The killing occurred on a Wednesday night and a protracted meeting was being conducted in the church by a minister named Godsey. It began on the Sunday night previous. Appellant and his two brothers, Jim and Tom East, lived in the neighborhood and attended the services. Other attendants were the deceased and two brothers, and "Bunk" Hardwick and three of his sons. It was claimed that appellant, on some of the prior evening services, had disturbed the congregation and some one swore out a warrant for his arrest on that charge. It was arranged for a deputy sheriff by the name of Brown to execute the warrant by arresting appellant on the night of the shooting. [***3] Brown resided [*49] several miles from the church and on Wednesday afternoon at about 4 o'clock he appeared at the home of Hardwick where he remained until after supper and then walked with him and the members of his family, including the three sons, to the church, arriving there somewhere near 7:30 p. m. The preponderance of the testimony shows that Hardwick carried along with him his pistol, and expressed a willingness to aid and assist Brown in the execution of the warrant if his services were needed. It was shown that the Hardwick boys or some of them were also armed, but whether they became so equipped after they arrived at the church or before they came, is not clear. Within a brief time after the deputy sheriff and the Hardwicks arrived at the church some one informed him that Tom East, a brother of appellant, and the deceased, Murphy Johnson, were at the side of the church building engaged in a quarrel. Whereupon he approached them with Bunk Hardwick following him with his pistol in his hand. The officer admonished the participants in the heated argument to desist and to "Cut it out" or he would arrest them. Tom East then cursed the officer and told him to come no further [***4] or he (East) would kill him. About that time Bunk Hardwick fired two or more shots at Tom East, followed by others from the deputy sheriff, several of which took effect in his body and from which he later died. But before falling he fired several shots at Hardwick and the officer, hitting both of them and wounding them quite seriously. The officer crawled away in the darkness and was later found lying at the root of a tree, but Hardwick was not so disabled and he turned with his pistol on Jim East who had arrived in his automobile with his family about that time, and threatened to shoot him, and, according to the testimony of a number of witnesses, he actually fired his pistol at him. Mrs. Jim East,with a young baby in one arm, then grabbed Hardwick's pistol and begged him to not shoot her husband, as did the latter also, stating at the time that he was not armed. Such appeals, however, did not assuage the belligerent attitude of Hardwick, and Jim East joined his wife in her efforts to disarm him. In the meantime the parties had gotten from the side of the church where the first encounter occurred to its front where another battle occurred in which Murphy Johnson lost his life.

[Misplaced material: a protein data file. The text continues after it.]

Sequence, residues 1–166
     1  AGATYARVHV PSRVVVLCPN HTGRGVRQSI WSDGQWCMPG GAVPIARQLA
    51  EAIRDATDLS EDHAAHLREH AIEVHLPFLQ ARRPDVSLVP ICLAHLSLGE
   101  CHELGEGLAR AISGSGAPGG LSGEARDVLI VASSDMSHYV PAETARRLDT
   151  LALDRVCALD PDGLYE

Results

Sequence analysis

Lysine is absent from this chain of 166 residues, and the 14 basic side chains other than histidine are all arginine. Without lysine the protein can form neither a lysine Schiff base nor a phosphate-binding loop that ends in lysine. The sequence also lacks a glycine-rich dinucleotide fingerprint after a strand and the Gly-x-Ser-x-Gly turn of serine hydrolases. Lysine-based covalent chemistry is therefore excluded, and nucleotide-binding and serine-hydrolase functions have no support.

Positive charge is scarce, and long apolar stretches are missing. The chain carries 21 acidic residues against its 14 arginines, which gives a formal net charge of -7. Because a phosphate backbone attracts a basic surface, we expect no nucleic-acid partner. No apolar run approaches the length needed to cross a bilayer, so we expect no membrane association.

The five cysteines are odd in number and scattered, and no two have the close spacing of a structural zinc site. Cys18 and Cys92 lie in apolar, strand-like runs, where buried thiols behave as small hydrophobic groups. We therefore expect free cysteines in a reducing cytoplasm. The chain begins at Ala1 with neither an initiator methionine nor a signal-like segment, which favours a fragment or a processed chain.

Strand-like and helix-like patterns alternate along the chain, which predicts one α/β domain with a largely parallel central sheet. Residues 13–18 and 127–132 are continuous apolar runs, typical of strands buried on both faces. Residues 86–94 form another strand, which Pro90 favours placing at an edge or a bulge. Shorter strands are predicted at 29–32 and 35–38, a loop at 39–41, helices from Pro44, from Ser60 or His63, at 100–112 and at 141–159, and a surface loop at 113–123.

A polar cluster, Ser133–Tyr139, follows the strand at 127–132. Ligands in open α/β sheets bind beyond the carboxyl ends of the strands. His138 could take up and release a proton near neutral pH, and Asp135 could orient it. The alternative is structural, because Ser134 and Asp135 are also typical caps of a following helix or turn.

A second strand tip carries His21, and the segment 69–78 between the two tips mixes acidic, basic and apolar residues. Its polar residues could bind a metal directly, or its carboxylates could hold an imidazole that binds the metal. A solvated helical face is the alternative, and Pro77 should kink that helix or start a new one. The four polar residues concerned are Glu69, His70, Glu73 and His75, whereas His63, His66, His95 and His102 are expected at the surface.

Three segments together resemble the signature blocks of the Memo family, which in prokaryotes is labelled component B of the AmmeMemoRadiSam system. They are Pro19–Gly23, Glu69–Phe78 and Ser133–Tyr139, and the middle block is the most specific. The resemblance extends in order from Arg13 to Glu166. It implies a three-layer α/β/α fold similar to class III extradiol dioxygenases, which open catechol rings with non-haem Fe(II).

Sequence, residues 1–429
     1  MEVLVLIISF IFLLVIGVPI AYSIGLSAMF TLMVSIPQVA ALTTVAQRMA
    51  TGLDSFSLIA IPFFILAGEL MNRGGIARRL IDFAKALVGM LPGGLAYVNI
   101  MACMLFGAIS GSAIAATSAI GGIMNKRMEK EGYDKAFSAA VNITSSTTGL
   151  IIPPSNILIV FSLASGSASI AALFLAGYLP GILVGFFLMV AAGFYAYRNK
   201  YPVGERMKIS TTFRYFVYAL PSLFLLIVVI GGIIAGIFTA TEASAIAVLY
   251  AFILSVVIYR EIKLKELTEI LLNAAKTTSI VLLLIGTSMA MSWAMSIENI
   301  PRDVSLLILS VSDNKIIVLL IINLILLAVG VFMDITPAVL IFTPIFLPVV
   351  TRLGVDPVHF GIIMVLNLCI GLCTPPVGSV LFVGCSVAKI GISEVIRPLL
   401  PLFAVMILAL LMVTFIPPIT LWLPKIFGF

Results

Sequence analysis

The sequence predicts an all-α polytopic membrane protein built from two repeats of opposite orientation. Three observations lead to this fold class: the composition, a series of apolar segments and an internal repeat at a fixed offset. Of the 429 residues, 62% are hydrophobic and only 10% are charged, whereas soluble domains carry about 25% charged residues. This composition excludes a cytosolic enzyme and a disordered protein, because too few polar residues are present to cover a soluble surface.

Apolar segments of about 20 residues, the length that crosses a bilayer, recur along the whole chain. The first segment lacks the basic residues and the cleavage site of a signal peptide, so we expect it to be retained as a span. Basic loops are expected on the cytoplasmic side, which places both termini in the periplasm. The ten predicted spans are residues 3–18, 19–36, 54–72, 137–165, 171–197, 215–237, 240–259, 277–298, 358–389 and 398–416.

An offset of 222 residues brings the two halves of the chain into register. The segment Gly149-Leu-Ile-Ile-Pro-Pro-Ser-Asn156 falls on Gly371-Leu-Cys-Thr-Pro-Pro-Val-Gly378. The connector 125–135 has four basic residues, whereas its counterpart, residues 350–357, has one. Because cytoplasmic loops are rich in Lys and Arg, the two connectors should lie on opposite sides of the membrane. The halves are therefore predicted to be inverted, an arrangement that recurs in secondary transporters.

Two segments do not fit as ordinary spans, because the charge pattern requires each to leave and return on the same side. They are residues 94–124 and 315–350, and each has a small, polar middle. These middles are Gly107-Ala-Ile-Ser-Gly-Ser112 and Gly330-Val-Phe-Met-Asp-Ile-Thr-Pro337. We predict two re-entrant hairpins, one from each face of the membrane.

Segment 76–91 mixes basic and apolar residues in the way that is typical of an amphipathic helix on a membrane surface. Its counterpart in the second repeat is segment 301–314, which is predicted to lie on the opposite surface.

[***5] [*50] Appellant arrived at the church that night at an early hour and was in the building at the commencement of the services which had already begun when the first fight occurred in which Tom East lost his life. Three or four hymns had been sung before that fight commenced. Some horses were hitched at the immediate rear of the church building, one of which was appellant's. They were producing some noise to the disturbance of the preacher and the congregation, when he requested their owners to retire and remove them, and appellant was engaged in complying with that request when the first battle occurred. In returning from performing that task he passed by the prostrate body of his brother Tom, who was still alive and able to talk, and he picked up the pistol of his brother lying nearby and went around to where the second battle was in its formative stage. He inquired of Bunk Hardwick, who was yet belligerent, if he had shot his brother and he received a negative reply, with the statement that the deputy sheriff was the one who had done so. Appellant at that time had in his hand his brother's pistol and he and Hardwick agreed to make peace but as appellant turned to go away, Hardwick [***6] commenced firing upon him with one shot striking and wounding him. He then started to turn when his brother, Jim East, [**139] remarked: "Lookout Dick, Murphy Johnson is going to kill you." Immediately deceased shot appellant, inflicting another wound on his body, and that shot was followed by others, but almost instantly after being wounded by Johnson appellant turned and shot him one time, producing instant death.